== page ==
Russia-Ukraine war at a glance

  • The US president, Joe Biden, will speak to the Chinese president, Xi Jinping, on Friday to discuss Russia’s war against Ukraine “and other issues of mutual concern”, the White House said. Biden is expected to tell Xi he will face “costs” if Beijing rescues fellow authoritarian ally Russia from intense western sanctions.
  • Russia is being forced to divert “large numbers” of troops to defend its supply lines rather than continuing its attacks in Ukraine, British defence intelligence analysts believe. The UK Ministry of Defence’s latest intelligence report says logistical problems continue to beset Russia’s troops.
  • Ukraine president Volodymyr Zelenskiy said in his latest address: “The occupants thought they were going to Ukraine which they had seen before, in 2014-2015, which they corrupted and were not afraid of, but we are different now.”
  • Air raid sirens sounded in the western city of Lviv, followed by the sound of explosions and a column of smoke, a few miles from the city centre.
  • In Kharkiv, a rescue worker has died and another was injured after a shopping centre was shelled on Thursday, sparking a fire that has burned through the night. Two residential buildings were also damaged in the attack.
  • About 130 people have been rescued so far from the basement of a theatre hit by a Russian airstrike in the besieged southern Ukrainian city of Mariupol, officials said. Hundreds of people were hiding beneath the theatre, which was designated as a shelter for displaced civilians, when it was struck on Wednesday. Serhiy Taruta, a former governor of the Donetsk region, said rescue efforts had been hindered by the complete breakdown of social services and fear of future Russian attacks in the city.
  • About 30,000 civilians have fled Mariupol city so far, local authorities said. Mariupol’s city hall said that “80% of residential housing was destroyed” and about 350,000 residents were hiding in shelters and basements in Mariupol. In addition to the bombing of its theatre, the city hall said a swimming pool sheltering civilians, “mostly women, children and the elderly” had also been shelled.
  • More than 20 people were killed and 25 injured when a Russian airstrike destroyed a school and community centre in Merefa, close to the north-east Ukrainian city of Kharkiv, local officials said. The attack took place at 3.30am local time (1.30am GMT) on Thursday, the Kharkiv prosecutor’s office said. Ten people were in critical condition, it said.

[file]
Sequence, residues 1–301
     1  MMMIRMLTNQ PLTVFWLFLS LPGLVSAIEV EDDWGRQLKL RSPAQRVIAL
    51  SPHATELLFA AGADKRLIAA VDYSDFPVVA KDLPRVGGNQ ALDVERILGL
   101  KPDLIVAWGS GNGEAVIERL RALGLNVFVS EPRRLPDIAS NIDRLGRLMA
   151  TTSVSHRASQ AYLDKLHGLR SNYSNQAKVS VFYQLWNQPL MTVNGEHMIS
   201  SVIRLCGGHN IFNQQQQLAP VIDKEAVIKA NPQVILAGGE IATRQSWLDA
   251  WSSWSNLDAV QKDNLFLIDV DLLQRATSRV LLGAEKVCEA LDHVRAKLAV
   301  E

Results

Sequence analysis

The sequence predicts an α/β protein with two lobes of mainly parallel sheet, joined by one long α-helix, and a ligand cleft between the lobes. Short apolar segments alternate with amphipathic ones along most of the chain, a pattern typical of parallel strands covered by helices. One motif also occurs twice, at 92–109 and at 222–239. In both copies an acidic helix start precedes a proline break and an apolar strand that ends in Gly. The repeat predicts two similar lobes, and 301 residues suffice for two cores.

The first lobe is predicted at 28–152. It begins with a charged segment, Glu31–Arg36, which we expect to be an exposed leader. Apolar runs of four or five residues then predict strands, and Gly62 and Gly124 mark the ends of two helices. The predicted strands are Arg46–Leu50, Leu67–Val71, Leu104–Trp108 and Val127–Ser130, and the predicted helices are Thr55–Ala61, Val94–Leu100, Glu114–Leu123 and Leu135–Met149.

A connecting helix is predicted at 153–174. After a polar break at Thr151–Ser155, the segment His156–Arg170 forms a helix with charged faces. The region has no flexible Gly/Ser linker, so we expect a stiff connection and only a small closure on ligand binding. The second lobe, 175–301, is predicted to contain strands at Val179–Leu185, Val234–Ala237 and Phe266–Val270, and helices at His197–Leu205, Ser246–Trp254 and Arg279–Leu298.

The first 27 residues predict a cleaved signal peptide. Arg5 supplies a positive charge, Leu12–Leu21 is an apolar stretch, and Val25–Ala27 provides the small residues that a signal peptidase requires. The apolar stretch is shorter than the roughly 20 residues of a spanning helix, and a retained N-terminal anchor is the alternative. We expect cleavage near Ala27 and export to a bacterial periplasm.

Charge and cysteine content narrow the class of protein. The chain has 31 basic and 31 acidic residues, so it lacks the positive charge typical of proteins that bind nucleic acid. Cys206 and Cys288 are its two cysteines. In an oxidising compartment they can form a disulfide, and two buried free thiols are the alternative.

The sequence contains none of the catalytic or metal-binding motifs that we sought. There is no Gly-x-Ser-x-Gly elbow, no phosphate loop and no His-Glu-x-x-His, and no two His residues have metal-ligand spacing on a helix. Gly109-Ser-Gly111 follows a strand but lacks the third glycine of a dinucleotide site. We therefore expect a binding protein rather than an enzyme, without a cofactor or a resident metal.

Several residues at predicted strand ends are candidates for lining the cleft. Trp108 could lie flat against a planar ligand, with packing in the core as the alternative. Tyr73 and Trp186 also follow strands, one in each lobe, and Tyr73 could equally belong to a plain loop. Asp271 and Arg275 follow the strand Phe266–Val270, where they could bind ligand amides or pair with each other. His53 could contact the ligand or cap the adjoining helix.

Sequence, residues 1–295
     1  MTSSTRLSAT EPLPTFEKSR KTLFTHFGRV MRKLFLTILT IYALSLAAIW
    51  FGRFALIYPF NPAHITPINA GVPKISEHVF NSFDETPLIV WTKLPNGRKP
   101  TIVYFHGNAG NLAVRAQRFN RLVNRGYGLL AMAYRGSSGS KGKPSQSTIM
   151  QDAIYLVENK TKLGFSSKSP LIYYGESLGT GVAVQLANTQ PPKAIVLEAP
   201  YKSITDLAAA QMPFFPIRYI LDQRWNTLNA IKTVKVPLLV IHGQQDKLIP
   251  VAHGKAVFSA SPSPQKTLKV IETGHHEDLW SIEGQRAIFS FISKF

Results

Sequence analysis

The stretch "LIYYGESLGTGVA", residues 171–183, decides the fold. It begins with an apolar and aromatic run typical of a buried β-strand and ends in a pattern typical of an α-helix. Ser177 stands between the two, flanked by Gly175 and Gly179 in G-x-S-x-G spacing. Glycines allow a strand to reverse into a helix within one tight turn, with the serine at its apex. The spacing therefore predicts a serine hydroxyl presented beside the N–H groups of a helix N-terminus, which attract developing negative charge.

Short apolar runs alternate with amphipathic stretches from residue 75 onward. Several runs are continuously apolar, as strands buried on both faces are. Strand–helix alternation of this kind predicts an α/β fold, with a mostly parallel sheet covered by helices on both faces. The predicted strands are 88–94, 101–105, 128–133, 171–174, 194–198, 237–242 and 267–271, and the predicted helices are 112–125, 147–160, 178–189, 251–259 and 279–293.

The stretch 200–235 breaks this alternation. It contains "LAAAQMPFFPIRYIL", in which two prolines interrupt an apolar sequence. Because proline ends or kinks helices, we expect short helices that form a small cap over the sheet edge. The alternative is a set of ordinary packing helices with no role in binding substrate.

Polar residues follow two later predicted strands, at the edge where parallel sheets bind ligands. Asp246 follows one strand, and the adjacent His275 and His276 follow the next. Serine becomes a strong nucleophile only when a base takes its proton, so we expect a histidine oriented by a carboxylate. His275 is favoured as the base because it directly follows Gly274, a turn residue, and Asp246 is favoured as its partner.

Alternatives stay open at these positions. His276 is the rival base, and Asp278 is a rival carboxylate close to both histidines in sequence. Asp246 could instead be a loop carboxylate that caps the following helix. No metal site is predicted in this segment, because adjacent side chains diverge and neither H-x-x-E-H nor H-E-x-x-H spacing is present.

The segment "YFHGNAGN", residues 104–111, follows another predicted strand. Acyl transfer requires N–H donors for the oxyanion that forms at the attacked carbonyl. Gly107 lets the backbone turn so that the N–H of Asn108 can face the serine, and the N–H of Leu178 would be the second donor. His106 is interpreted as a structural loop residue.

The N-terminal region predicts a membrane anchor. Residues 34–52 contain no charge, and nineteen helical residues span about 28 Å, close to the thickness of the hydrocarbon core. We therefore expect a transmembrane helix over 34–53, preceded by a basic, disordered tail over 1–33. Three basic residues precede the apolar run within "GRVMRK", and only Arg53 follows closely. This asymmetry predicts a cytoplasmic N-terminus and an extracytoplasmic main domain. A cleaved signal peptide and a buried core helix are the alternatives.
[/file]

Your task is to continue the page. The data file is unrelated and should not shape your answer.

• The US state department confirmed that a US citizen died in Ukraine today, after local reports that an American was killed during Russian shelling in the northern Ukrainian city of Chernihiv. Earlier today, Chernihiv regional police said authorities were “documenting the aftermath of enemy shelling of civilians in central Chernihiv” that left more than 50 people dead.
  • The US has anecdotal signs of flagging Russian troop morale in some units in Ukraine, a senior US defence official said, without citing evidence. The US has also observed that the Russian military is moving some forces “from the rear to join their advancing elements” and “some of those capabilities are artillery, long-range artillery”, suggesting they “continue to want to conduct a siege of Kyiv”.
  • The mayor of the besieged Ukrainian city of Melitopol, who was allegedly abducted by Russian forces, was freed in exchange for nine captured Russian conscripts, according to the head of Ukraine’s presidential office. Ukraine had accused Russia of kidnapping Ivan Fedorov last Friday, with surveillance footage appearing to show him being marched across a square in the city centre, apparently surrounded by Russian soldiers.
  • Lawyers are drafting a peace deal between Kyiv and Moscow but a breakthrough depends on the Kremlin accepting a ceasefire, Ukraine’s defence minister has said. Oleksii Reznikov, who has been leading the Ukrainian delegation in the negotiations, said technical work was progressing but that Russia had to stop its shelling for any compromise to be possible.
  • The Turkish foreign minister, Mevlüt Çavuşoğlu, said “we have stronger hopes for a ceasefire” after meeting with his Ukrainian counterpart, Dmytro Kuleba, in Lviv. The meeting follows Çavuşoğlu’s visit to Moscow yesterday, where he declared: “We have not lost our belief in diplomacy.”
  • But western officials have warned there remains a “very big gap” between Ukraine and Russia in peace talks between the two countries. Reuters quotes an unnamed official as saying both sides are taking peace talks seriously but that there was little sign of an imminent breakthrough.
  • Zelenskiy invoked the fall of the Berlin Wall in an attempt to persuade German MPs to do everything possible to halt Russia’s invasion of Ukraine. Speaking to the German parliament via video, the Ukrainian president upbraided Germany for having persisted in the past in its insistence that the gas pipelines Nord Stream 1 and 2 and other business projects with Russia were “purely economic” and not political.
  • A Russian court has extended the arrest of the US basketball star Brittney Griner for at least two more months, according to the Russian state news agency Tass. Griner, a two-time Olympic champion, has been detained by Russian customs authorities, who claim they discovered vape cartridges containing hashish oil in her luggage at an airport near Moscow.
  • Uzbekistan’s foreign minister has called for a diplomatic resolution of the conflict in Ukraine and said it would not recognise Moscow-backed separatists in the self-proclaimed republics in Luhansk and Donetsk, Reuters reports. Abdulaziz Kamilov’s remarks signalled the strongest anti-war statement to come from Russia’s former Soviet allies so far.
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